This is a paper I wrote for a specific time, place and audience. It is very dated. It was written in the late summer of 1987. It was published in Oregon Birds, Vol. 14, No. 1, Spring 1988 pp. 27-33.


David Wickstrom, Supervising Engineer, Library of Natural Sounds, Laboratory of Ornithology, Cornell University, 159 Sapsucker
Woods Road, Ithaca, NY 14850
It is possible to record bird sounds with a wide variety of equipment, much as it is possible b take photographs with a wide variety of equipment. The differences - as one might expect - have to do with quality, durability, ease of operation, and cost.


There are 2 machine formats used in bird recording - cassette and reel-to-reel.

At the inexpensive end of the spectrum is the cassette recorder. It is probably the device used by most people for recording birds. Among cassette machines we have tested, there are 2 by Sony* and 4 by Marantz that are appropriate for recording birds.

Sony offers 1 monaural and 1 stereo recorder. The monaural recorder is the TCM-5000, the stereo is the TCD-5M. The monaural machine has slightly limited high frequency response and does not incorporate Dolby noise reduction. It uses only Type I cassettes. The stereo machine has better response and incorporates Dolby noise reduction as well as the ability to accommodate Type I, II, III, and IV cassettes. Either of these machines will give good service and the choice between them is governed by the need for 2 channels and cost. The stereo unit costs about $150 more.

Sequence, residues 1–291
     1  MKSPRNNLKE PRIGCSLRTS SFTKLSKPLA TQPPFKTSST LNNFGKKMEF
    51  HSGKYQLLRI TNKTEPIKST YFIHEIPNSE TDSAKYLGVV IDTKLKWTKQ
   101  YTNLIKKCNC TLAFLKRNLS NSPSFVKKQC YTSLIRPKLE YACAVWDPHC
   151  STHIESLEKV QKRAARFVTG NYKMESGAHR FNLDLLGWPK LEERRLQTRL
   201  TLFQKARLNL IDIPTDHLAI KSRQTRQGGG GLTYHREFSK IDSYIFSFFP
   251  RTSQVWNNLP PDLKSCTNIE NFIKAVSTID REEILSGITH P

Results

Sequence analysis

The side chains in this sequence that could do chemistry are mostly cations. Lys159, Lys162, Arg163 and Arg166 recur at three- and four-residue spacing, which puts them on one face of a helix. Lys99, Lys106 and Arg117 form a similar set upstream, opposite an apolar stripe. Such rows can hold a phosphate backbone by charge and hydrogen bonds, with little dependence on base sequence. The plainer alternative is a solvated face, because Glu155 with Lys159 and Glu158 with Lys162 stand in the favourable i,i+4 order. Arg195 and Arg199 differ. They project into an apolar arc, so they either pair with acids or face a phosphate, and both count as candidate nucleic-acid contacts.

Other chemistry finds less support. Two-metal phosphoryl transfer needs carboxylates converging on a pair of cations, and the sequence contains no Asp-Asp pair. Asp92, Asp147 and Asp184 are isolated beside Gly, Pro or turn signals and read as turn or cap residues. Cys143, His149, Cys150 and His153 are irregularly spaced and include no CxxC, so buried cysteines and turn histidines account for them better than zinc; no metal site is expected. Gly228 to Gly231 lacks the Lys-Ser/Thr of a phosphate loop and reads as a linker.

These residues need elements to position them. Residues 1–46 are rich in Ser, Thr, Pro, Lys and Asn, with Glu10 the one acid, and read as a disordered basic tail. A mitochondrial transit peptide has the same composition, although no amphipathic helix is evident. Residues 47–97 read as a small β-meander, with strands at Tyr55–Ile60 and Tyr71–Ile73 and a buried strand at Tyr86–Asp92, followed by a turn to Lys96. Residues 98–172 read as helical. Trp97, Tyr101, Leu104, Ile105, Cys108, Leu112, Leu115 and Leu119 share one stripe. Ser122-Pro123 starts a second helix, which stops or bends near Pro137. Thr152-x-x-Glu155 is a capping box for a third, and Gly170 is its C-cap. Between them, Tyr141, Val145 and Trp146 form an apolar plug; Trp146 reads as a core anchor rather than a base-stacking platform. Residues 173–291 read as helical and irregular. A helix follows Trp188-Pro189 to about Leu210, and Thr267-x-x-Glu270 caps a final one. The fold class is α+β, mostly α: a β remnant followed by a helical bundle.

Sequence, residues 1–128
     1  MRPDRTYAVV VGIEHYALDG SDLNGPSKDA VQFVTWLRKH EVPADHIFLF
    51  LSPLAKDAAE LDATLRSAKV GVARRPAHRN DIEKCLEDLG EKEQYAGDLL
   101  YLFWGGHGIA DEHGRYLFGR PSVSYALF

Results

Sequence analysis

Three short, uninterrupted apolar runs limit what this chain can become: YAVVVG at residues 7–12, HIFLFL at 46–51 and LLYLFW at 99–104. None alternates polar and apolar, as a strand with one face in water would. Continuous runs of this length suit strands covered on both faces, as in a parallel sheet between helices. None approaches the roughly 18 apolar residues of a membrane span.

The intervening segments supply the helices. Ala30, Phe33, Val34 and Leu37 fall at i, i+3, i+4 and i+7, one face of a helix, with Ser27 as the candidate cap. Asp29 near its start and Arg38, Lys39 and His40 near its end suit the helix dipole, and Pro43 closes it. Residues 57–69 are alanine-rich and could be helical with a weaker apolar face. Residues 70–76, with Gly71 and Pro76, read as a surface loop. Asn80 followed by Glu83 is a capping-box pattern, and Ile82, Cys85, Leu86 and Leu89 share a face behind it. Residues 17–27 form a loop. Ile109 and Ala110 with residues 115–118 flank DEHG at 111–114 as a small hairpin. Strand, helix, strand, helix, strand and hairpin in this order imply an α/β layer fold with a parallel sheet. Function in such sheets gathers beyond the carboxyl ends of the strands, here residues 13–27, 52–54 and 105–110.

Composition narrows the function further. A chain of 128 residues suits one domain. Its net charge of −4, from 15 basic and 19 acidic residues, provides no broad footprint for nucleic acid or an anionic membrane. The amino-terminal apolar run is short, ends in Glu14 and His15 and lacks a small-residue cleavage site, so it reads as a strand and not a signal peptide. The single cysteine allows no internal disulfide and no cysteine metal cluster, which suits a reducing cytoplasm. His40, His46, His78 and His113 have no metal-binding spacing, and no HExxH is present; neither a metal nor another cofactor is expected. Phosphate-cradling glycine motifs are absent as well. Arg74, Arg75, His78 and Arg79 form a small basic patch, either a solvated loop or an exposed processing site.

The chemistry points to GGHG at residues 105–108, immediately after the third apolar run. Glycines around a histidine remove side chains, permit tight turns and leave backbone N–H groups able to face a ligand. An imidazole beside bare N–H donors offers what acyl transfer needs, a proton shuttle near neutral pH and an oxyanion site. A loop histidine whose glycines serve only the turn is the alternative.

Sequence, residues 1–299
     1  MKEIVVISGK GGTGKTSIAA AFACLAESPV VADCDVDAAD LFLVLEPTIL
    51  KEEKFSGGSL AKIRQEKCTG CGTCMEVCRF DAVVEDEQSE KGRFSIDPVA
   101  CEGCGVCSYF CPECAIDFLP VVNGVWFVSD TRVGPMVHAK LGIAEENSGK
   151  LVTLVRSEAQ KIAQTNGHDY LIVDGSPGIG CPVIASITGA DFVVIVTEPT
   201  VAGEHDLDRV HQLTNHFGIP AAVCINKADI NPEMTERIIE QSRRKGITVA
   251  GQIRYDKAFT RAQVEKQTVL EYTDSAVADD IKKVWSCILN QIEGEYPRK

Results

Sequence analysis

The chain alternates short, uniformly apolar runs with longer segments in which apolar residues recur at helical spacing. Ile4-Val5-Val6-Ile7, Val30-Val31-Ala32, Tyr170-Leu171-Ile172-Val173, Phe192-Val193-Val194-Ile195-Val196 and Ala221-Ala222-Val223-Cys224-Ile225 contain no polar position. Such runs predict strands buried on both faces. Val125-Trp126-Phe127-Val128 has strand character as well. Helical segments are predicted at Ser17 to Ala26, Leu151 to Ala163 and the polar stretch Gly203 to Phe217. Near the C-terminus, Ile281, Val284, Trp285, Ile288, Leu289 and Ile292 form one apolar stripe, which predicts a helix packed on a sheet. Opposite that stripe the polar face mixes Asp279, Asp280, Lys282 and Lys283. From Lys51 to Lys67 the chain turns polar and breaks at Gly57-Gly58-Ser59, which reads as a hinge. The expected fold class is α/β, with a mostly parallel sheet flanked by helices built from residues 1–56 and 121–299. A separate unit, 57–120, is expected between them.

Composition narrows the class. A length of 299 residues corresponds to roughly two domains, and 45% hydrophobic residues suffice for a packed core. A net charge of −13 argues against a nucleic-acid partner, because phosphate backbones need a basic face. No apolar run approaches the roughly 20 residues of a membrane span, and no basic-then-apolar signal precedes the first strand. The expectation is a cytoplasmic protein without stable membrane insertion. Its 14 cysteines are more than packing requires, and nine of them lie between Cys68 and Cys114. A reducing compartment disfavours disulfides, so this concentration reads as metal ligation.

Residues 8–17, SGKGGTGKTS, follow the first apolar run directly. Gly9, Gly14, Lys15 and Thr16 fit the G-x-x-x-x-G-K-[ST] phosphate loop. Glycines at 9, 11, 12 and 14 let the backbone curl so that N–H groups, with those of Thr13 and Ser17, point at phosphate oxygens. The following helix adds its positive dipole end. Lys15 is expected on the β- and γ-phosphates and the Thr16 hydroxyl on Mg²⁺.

Marantz offers 2 monaural and 2 stereo recorders. Model numbers for the monaural machines are PMD-201 and -221, for stereo they are PMD-420 and -430. The higher model number recorder in both mono and stereo are 3-head machines and allow monitoring playback as the recording is being made. For wildlife recording this is a very important feature as the level meters are not able to correctly indicate fast sounds that can be distorted.

The choice between the Sony and Marantz stereo machines is difficult. The Sony is very well-built and we have extensive experience with its durability in the field. The Marantz 430 has off-tape monitoring which permits one to listen for distortion while recording, a very important advantage. The choice of a monaural recorder is easier. The Marantz 221 performs far better than the Sony 5000.